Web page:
Explore Careers - Job Market Report
Fire chiefs and senior firefighting officers plan, organize, direct, control and evaluate firefighting operations and fire prevention activities in fire departments. Fire chiefs and senior firefighting officers are employed by municipal and federal governments and by industrial establishments with firefighting services.
- Develop, implement and evaluate policies and procedures for the operation of a municipal fire department, a district fire region or an industrial firefighting service
- Plan, direct and co-ordinate firefighting strategies for fire departments
- Direct the training of personnel in firefighting methods
- Develop and oversee the implementation of fire prevention campaigns
- Represent the fire department in communications with government, the media and the public.
Outlook & Prospects for Fire Chiefs and Senior Firefighting Officers in Muskoka-Kawarthas Region
The future forecast and current conditions for an occupation can vary based on location or due to changes in the economy, technology, or demand for a product or service.
National Outlook ¿ 10-Year Projection (2011-2020)
This section provides labour demand and labour supply projections for this occupation over the 2011-2020 period.
Note: The tables, graphs and middle paragraph shown under this section display updated 2011-2020 projection results. The remaining narrative text (2009-2018 projections) will be updated shortly. We apologize for the inconvenience.
The data in the following table are derived from HRSDC¿s Canadian Occupational Projection System (COPS). COPS uses a variety of models to produce a detailed 10-year labour market projection per broad skill level and per occupation at the national level, which focuses on the trends of labour supply and labour demand over the next ten years.
This occupation (Fire Chiefs and Senior Firefighting Officers) is part of a larger occupational group called Managers in Protective Service (NOC 064).
|Occupations in this group||
Commissioned Police Officers (0641)
Fire Chiefs and Senior Firefighting Officers (0642)
Commissioned Officers, Armed Forces (0643)
|Employment (non-student) in 2010||2,829|
|Median Age of workers in 2010||48|
|Average Retirement Age in 2010||59|
Occupation Projection for Canada
Over the 2008-2010 period, this occupation experienced a sharp decline in employment but its unemployment rate decreased slightly. The average hourly wage increased more quickly than the average for all occupations. Moreover, the average hourly wage in this occupation is one of the highest among all the occupations. According to key labour market indicators, the number of job seekers was sufficient to fill the job openings in this occupation. Since there are fewer than 3,000 workers in this occupation, the results of recent and future conditions are less reliable because the data is subject to significant variations.
Over the 2011-2020 period, an occupation will be in excess demand (a shortage of workers) if the projected number of job openings is significantly greater than the projected number of job seekers. An occupation will be in excess supply (a surplus of workers) if the projected number of job openings is smaller than the projected number of job seekers. For Managers In Protective Service, over the 2011-2020 period, job openings (arising from expansion demand and replacement demand) are expected to total 2,526 and 1,573 job seekers (arising from school leavers, immigration and mobility) are expected to be available to fill the job openings.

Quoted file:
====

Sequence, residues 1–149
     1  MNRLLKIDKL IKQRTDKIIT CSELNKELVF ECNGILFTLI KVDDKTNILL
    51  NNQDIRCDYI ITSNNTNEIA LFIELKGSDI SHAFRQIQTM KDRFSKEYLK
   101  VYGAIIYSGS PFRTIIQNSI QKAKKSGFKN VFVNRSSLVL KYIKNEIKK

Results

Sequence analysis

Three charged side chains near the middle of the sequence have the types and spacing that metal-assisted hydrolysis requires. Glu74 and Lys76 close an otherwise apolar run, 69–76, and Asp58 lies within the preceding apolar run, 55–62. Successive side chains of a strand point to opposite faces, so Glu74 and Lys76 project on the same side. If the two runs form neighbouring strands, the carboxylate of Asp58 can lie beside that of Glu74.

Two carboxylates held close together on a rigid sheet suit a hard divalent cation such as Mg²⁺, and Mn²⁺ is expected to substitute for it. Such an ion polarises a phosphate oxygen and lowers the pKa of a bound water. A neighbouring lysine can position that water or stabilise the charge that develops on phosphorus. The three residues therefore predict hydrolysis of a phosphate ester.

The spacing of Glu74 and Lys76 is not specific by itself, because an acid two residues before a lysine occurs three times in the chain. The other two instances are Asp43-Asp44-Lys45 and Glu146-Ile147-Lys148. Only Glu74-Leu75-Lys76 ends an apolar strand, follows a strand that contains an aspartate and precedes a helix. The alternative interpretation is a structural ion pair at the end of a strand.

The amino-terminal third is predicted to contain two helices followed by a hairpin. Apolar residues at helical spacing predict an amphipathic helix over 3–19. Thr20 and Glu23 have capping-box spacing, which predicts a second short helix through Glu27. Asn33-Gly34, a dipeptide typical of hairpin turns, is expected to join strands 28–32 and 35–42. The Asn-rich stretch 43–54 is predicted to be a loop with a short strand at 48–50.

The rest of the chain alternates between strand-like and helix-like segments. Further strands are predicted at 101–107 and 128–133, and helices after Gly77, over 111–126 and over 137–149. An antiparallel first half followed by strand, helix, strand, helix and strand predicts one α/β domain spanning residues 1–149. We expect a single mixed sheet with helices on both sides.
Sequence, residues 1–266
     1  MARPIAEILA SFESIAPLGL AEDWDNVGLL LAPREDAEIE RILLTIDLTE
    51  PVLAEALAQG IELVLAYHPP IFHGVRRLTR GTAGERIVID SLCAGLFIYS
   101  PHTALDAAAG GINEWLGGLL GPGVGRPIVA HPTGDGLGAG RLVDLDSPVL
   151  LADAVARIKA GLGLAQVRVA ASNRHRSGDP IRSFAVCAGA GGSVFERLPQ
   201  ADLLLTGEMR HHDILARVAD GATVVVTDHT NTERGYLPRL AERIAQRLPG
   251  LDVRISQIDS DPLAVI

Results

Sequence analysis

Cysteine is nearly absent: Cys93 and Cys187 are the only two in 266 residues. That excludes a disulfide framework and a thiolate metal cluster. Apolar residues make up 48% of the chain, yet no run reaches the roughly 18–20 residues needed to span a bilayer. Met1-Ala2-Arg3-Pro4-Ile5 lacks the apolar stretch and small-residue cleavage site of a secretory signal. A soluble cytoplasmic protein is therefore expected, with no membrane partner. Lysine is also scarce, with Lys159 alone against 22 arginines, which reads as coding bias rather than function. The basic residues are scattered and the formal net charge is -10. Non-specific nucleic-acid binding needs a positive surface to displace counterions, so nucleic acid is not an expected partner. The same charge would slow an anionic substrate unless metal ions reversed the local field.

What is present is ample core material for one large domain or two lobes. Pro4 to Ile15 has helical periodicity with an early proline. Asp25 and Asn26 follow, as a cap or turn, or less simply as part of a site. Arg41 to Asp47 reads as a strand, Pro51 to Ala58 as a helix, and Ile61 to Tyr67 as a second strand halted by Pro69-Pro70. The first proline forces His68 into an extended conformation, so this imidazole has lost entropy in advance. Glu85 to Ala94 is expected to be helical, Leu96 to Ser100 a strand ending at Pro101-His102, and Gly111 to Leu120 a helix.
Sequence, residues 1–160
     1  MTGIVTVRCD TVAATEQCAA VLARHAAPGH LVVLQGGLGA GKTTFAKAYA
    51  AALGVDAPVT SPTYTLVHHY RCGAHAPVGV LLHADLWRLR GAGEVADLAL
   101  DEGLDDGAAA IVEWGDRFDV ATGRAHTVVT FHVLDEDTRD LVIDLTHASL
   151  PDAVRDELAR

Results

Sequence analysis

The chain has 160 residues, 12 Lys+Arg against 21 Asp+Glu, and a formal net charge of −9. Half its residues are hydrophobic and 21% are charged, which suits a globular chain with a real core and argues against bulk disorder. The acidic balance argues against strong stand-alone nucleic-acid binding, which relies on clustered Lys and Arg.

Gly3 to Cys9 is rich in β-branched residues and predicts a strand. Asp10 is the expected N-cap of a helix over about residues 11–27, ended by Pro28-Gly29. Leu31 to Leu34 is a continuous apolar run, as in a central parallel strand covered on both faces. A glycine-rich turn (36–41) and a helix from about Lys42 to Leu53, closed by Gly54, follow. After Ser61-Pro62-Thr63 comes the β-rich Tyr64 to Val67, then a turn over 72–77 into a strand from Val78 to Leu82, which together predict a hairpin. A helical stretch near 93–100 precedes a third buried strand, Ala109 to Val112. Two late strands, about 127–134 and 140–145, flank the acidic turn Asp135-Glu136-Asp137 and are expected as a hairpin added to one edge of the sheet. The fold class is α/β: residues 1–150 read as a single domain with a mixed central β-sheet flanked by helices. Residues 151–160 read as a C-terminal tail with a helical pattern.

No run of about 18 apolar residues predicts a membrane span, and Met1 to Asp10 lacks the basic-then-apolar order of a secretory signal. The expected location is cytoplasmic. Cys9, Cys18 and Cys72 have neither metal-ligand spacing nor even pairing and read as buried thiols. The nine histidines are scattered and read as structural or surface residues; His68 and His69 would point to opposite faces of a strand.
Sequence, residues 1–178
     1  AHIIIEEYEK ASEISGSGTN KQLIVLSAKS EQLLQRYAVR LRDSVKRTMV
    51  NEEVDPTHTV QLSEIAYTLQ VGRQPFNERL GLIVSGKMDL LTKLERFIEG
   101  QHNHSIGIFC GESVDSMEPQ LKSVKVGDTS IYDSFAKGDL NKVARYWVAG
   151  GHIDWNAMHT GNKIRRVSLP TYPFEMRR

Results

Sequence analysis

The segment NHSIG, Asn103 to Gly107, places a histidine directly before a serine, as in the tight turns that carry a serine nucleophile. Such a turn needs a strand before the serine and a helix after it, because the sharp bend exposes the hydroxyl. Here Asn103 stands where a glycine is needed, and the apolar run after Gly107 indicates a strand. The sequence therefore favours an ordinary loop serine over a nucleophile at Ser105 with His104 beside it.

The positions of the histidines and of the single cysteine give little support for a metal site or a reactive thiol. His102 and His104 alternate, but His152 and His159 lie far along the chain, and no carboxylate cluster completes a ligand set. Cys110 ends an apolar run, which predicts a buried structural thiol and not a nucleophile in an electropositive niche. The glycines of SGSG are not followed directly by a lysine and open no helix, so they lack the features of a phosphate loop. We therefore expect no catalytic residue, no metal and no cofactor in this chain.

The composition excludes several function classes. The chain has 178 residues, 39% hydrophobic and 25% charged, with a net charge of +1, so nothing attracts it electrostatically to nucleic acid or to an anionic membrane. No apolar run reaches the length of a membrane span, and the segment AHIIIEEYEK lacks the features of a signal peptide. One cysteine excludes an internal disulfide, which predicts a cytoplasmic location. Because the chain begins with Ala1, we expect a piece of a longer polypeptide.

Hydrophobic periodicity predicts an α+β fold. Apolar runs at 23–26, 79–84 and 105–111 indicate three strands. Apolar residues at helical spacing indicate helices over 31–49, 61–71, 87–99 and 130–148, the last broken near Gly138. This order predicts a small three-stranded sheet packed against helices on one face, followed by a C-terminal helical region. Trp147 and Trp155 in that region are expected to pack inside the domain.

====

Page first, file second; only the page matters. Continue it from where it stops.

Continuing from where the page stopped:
Considering that there was a balance between labour supply and demand in this occupation, projections indicate that the number of job seekers will be insufficient to fill the job openings over the 2011-2020 period. Most job openings will result from retirements. Given that workers in this occupation are generally older than those in other occupations, the retirement rate in this occupation will be above the average for all occupations. Expansion demand in this occupation will be on par with average employment growth for all occupations over the projection period. With regard to labour supply, given that many years of experience in protective services are generally required to obtain a senior management position, it is not surprising that the vast majority of job seekers will come from other occupations.
This Chart contains data for Projection of Job Openings vs. Job Seekers for Canada. Information is available in the following tables.
|Other Replacement Demand||140||6%|
|Projected Job Openings||2,526||100%|
|Projected Job Seekers||1,573||100%|
In which industry or sector do people in this occupation find jobs in Canada?
This table shows the industry and sectors employing the highest number of people in this occupation.
|Industry / Sector||%|
What proportion of people in this occupation work full-time?
This occupation (Fire Chiefs and Senior Firefighting Officers) is part of a larger group called Managers in Protective Service (NOC 064). According to the Labour Force Survey (2012), nearly all workers in this group worked full-time, compared to the average of 81% for all occupations.
What percentage of people in this occupation are members of a union?
This occupation (Fire Chiefs and Senior Firefighting Officers) is part of a larger group called Managers in Protective Service (NOC 064). According to the Labour Force Survey (2012), the unionization rate for this group was 59%, while the unionization rate for all occupations was 32%.
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